Driving for just 15 minutes on U.S. 27, I passed about 30 cars committing the same crime.
Can you guess the crime?
About 10 percent of the cars and trucks on Florida’s roads are driven by someone with a suspended driver’s license. As of October 2019, there were 10,095 drivers in Highlands County with a suspended driver’s license. Lake County had 25,134 drivers on their roads with a suspended license, while Polk County had 63,432 drivers with a suspended driver’s license.
What caused this crazy situation, where 10 percent of the people behind the wheel in Florida are committing the same crime?
A little background is in order to understand how this crime wave was created.
Florida intentionally chose to shift the state and local tax burden onto the shoulders of the lowest wage earners in order to make it more attractive for retirees to move here.
The bottom 20 percent, those making less than $18,700 a year, pay 12.7 percent of their income in state and local taxes. The top 1 percent of income earners in Florida pay only 2.3 percent of their income in state and local taxes.
One method Florida uses to heap the cost of government disproportionately on lower-income working families is how we fund our court systems. Florida citizens in 1998 voted to fund its court system with fines and court fees.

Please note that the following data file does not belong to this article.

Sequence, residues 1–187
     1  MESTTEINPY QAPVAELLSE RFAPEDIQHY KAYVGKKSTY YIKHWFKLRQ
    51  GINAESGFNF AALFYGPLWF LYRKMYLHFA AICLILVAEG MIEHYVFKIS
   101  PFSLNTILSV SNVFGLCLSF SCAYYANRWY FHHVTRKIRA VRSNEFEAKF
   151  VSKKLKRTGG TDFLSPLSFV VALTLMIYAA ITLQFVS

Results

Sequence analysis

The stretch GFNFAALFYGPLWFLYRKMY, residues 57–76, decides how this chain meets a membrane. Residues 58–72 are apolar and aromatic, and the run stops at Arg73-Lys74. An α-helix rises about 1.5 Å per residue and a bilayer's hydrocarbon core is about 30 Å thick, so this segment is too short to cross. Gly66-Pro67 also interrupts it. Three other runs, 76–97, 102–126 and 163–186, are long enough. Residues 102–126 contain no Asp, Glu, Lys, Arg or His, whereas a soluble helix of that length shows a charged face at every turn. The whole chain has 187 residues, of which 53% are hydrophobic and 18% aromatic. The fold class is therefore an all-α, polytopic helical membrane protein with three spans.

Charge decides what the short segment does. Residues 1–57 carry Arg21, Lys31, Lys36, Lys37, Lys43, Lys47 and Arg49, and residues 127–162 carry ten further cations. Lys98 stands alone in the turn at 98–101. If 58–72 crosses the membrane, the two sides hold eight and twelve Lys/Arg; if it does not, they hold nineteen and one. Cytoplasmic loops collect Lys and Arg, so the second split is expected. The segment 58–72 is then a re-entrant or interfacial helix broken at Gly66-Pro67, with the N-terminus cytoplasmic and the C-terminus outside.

“Hey, why not?” you might be thinking. “Let the hooligans pay for the costs of our court system. Why should we law-abiding folks have to pay a nickel of our hard-earned money to support the courts?”
There is some logic to that argument, except that the fines fall most heavily on our poor and working poor. They are the least likely to have a couple hundred bucks to pay a fine. That’s why 72 percent of all the suspended licenses in Florida are because of a failure to pay fines and court fees.
In 1996, to make it easier to fund the courts, Florida added another 20 fees and mostly eliminated exemptions for those who could not pay.
In Glades County, approximately half the driving population is driving with a suspended license. In relatively prosperous Orange County, 15 percent of all drivers are operating with a suspended license.
If you are poor and you have a suspended driver’s license, how are you supposed to get to work to pay off the fines and get your license reinstated?
Maybe ride the subway system in Polk to work? Maybe ride the light-rail system in Lake? Or ride the comprehensive public bus system in Highlands?
We created a debtors’ financial prison which the poor cannot get out of, and must become lawbreakers instead. A large portion of the working poor are never able to have their license reinstated.
The far left and the far right agree — Florida’s system is broken. When Koch Industries, The American Legislative Exchange Council, The Southern Poverty Law Center and the American Civil Liberates Union all agree, the decision to fix this crime wave should be easy.
Change the Florida constitution so that court costs are paid out of more general taxes. It’s time for at least one crime wave to end.
Share your thoughts.
David Dunn-Rankin is CEO of D-R Media, which owns the Winter Haven Sun, Four Corners News-Sun and Polk News-Sun and Polk News-Sun in Polk County, as well as newspapers in Highlands, Lake and Sumter counties. He can be reached at David@d-r.media.